Sarah’s Rap: I recently had the opportunity to travel to London with my husband for our 20th wedding anniversary. It was our first time there and we loved everything about it—the history, architecture, parks, museums, the Tube and the friendly people. It’s a bustling city, full of adventure at every turn. Some of my favorite sites to visit were Kensington Palace, Hyde Park and the Serpentine, Covent Garden, St. James Park, The National Gallery and Trafalgar Square. We stayed in Soho, which was a very central spot for getting around to these places and more. It’s also, a very trendy spot for dining – with restaurants close to our vacation abode, Hazlitt’s Hotel. The hotel, a series of townhomes built in 1718 that had been put together, had lots of character with slanting floors and velvet couches.
A Paleo lifestyle that includes exercise, relaxation, fun and good sleep was easy to find. In addition to the ability to walk to so much, there are also many yoga studios, massage options, bikes for rent, play and music venues, green spaces and more. I found that in all the places we went on our trip to Europe (we also went to Glasgow, Amsterdam and Brussels), people seem more laid back than in the US. Maybe it was because I was on vacation, but I think it’s more than that. There seemed to me to be a bit more of an appreciation for the here-and-now, unlike in the U.S. where everyone (including me) is always going a mile-a-minute and planning out the next 10 things they’re going to do.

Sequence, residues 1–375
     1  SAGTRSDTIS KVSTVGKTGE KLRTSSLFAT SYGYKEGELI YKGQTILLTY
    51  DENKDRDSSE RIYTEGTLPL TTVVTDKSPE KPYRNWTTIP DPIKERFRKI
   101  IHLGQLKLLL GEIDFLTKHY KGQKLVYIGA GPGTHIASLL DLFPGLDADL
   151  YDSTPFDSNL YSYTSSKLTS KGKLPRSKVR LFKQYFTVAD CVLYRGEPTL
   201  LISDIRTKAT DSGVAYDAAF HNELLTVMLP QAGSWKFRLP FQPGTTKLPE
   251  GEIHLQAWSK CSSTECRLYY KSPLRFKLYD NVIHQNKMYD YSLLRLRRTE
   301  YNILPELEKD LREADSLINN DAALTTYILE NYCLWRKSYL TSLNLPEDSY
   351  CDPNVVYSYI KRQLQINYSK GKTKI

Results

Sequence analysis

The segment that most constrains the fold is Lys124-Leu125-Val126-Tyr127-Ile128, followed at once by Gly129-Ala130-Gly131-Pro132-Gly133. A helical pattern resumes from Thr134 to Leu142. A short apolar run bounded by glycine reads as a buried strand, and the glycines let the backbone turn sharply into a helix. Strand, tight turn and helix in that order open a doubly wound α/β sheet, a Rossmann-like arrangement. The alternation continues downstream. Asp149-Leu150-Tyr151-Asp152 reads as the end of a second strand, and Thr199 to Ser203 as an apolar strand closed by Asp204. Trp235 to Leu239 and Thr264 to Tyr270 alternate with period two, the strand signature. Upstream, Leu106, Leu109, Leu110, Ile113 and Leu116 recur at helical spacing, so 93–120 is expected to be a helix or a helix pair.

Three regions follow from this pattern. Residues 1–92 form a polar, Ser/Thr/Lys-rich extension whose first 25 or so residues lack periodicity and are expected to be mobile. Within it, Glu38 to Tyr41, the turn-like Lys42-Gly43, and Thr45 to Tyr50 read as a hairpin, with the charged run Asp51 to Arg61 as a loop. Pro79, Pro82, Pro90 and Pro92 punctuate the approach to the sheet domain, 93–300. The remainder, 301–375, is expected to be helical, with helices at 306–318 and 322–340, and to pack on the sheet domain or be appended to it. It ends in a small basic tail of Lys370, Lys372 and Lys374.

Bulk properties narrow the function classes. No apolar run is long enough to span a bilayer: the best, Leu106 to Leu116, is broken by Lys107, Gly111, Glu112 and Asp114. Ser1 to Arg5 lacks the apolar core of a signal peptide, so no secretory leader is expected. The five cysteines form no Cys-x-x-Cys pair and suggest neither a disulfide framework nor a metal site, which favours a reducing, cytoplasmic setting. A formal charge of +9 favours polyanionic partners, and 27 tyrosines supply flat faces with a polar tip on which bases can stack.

Finding Paleo food in Europe, however, was a bit trickier than when I went to NYC last year. Traditional British food contains a lot of gluten, grains, sugar or dairy – bangers and mash (English sausages and mashed potatoes), meat pies, tea-time pastries, fish and chips, Yorkshire pudding, baked beans, and more. And let’s not forget the beer. Craft beer is increasing in popularity in recent years and the pubs overflow onto the sidewalks every afternoon.